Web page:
The University of Arizona James E. Rogers College of Law, the oldest law school in Arizona and one of the first established in the west, was founded in 1915 as part of the College of Letters, Arts, and Sciences at the University of Arizona. In 1925, the College of Law was established as the fifth college. The law school has developed a high-quality academic program that prepares lawyers for leadership and service throughout the state and country and internationally.
The law school’s curriculum encompasses theoretical materials and diverse clinical programs affording students experience with actual cases and clients. Of particular note are the school’s two specialized post JD legal degree programs in areas of international significance, including a program of advanced study of the international and domestic implications of the rapid economic and legal changes confronting indigenous peoples globally and a program involving the multiple legal dimensions of free trade expansion between the US and Latin, Central, and South America. In addition, joint degrees in many fields, including business, philosophy, psychology, women’s studies, and Latin American studies, are also available.
With a collection of more than 400,000 volumes and access to a host of legal and law-related online databases, the University of Arizona James E. Rogers College of Law Library plays a vital role in fulfilling the college’s dual mission of teaching and research.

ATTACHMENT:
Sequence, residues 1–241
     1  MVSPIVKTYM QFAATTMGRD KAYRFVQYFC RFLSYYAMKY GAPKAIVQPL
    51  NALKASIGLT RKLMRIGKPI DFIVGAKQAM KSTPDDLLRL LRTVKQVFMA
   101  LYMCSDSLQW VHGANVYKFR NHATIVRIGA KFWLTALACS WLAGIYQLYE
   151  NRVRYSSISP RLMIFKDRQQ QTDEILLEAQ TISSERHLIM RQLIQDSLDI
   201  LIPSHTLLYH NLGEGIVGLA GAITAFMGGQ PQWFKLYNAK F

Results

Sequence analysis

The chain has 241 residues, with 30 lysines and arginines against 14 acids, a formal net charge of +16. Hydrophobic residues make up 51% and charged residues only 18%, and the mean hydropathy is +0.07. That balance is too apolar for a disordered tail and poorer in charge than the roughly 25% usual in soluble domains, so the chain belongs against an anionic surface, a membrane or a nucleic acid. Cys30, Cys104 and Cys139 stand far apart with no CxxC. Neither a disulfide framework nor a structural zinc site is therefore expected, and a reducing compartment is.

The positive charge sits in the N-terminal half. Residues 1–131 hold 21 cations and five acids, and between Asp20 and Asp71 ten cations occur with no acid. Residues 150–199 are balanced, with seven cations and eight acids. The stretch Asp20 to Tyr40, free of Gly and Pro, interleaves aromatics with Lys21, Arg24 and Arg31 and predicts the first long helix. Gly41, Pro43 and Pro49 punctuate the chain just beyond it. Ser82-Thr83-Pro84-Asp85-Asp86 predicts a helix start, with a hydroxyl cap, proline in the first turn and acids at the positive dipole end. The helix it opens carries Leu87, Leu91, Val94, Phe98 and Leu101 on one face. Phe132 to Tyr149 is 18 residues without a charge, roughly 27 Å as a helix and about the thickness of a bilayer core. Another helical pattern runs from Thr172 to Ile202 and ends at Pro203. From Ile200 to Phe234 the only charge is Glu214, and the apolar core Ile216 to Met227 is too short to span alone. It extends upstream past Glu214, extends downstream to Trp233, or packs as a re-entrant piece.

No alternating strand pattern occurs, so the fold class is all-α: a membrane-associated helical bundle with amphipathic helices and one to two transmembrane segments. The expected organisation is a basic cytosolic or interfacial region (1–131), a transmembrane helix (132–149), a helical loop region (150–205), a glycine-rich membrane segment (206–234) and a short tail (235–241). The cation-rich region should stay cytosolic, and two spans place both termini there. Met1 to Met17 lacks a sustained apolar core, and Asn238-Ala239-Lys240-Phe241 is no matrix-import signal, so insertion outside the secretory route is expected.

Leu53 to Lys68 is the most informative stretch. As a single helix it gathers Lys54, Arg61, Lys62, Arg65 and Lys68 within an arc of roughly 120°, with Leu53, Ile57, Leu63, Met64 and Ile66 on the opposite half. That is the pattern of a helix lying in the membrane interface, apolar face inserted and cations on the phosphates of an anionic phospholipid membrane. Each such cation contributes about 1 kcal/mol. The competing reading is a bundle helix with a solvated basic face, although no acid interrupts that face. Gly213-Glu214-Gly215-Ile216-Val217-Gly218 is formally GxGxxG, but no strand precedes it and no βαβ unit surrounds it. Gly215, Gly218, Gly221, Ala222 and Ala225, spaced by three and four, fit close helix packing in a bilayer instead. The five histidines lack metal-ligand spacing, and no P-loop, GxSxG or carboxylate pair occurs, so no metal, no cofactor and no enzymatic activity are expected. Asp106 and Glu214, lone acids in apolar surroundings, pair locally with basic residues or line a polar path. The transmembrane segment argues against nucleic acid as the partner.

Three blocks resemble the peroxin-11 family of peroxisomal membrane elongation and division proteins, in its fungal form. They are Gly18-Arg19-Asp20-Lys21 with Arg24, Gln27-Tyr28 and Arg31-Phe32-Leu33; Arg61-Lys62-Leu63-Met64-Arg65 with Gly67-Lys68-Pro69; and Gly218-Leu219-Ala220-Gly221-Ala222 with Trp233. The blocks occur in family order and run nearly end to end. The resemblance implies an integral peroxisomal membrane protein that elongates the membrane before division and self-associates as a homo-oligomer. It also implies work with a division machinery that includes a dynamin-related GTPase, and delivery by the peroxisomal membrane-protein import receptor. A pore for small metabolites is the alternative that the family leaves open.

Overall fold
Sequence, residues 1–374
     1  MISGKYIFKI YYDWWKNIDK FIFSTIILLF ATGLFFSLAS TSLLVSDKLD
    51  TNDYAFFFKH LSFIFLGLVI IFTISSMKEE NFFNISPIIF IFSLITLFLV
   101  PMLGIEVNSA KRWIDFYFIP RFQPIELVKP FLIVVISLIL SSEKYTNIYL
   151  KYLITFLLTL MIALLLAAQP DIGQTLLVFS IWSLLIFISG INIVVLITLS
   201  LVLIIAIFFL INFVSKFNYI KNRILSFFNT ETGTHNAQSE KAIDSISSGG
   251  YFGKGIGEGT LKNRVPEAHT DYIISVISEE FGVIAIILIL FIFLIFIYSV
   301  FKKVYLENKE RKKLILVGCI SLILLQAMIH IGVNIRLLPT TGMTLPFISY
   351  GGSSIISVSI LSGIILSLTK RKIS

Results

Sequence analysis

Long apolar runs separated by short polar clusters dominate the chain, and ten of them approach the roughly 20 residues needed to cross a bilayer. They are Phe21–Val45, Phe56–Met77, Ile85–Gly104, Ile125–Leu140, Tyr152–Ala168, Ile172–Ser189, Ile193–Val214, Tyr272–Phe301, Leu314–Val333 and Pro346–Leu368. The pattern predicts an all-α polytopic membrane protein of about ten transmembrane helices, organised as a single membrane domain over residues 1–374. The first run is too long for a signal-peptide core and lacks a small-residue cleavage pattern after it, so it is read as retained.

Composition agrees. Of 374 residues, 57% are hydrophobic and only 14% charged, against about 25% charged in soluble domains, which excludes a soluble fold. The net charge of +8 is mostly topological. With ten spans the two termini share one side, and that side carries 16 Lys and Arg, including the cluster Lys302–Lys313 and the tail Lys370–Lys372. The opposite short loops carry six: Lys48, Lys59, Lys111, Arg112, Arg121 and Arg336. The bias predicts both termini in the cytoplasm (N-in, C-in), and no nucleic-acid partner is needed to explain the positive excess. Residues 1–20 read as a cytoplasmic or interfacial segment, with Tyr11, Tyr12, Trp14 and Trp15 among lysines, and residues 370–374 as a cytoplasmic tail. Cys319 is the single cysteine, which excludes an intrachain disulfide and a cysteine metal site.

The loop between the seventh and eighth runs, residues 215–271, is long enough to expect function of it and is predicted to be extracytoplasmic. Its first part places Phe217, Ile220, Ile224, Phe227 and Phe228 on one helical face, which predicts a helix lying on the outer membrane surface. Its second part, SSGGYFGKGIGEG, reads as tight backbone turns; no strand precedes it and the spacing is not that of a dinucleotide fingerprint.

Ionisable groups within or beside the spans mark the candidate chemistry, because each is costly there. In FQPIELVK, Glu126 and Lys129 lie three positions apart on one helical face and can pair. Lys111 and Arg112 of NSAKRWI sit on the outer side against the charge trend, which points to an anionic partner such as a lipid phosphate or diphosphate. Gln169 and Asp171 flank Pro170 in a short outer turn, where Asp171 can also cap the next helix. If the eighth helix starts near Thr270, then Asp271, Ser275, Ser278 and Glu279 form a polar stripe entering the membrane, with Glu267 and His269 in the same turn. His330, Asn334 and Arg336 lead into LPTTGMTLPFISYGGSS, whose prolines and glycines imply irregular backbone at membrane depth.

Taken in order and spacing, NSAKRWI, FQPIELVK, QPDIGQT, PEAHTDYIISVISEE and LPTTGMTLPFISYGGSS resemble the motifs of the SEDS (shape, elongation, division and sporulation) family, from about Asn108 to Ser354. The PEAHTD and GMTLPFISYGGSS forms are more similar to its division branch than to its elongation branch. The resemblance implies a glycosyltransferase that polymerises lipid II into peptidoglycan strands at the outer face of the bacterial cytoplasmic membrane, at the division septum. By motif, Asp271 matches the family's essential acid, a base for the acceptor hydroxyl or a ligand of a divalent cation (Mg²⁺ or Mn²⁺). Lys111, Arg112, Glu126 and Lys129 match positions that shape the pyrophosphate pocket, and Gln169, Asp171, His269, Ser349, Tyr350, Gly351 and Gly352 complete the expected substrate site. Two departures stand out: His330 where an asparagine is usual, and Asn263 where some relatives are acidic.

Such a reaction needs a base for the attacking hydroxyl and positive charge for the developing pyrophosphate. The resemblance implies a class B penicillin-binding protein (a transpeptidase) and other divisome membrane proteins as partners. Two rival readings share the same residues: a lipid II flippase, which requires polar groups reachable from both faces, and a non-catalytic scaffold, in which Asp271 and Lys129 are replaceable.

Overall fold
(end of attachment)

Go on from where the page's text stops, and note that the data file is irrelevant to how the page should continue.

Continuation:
Student-Faculty Ratio 9.9:1
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Harrison Barnes is the legal profession's mentor and may be the only person in your legal career who will tell you why you are not reaching your full potential and what you really need to do to grow as an attorney--regardless of how much it hurts. If you prefer truth to stagnation, growth to comfort, and actionable ideas instead of fluffy concepts, you and Harrison will get along just fine. If, however, you want to stay where you are, talk about your past successes, and feel comfortable, Harrison is not for you.
Truly great mentors are like parents, doctors, therapists, spiritual figures, and others because in order to help you they need to expose you to pain and expose your weaknesses. But suppose you act on the advice and pain created by a mentor. In that case, you will become better: a better attorney, better employees, a better boss, know where you are going, and appreciate where you have been--you will hopefully also become a happier and better person. As you learn from Harrison, he hopes he will become your mentor.
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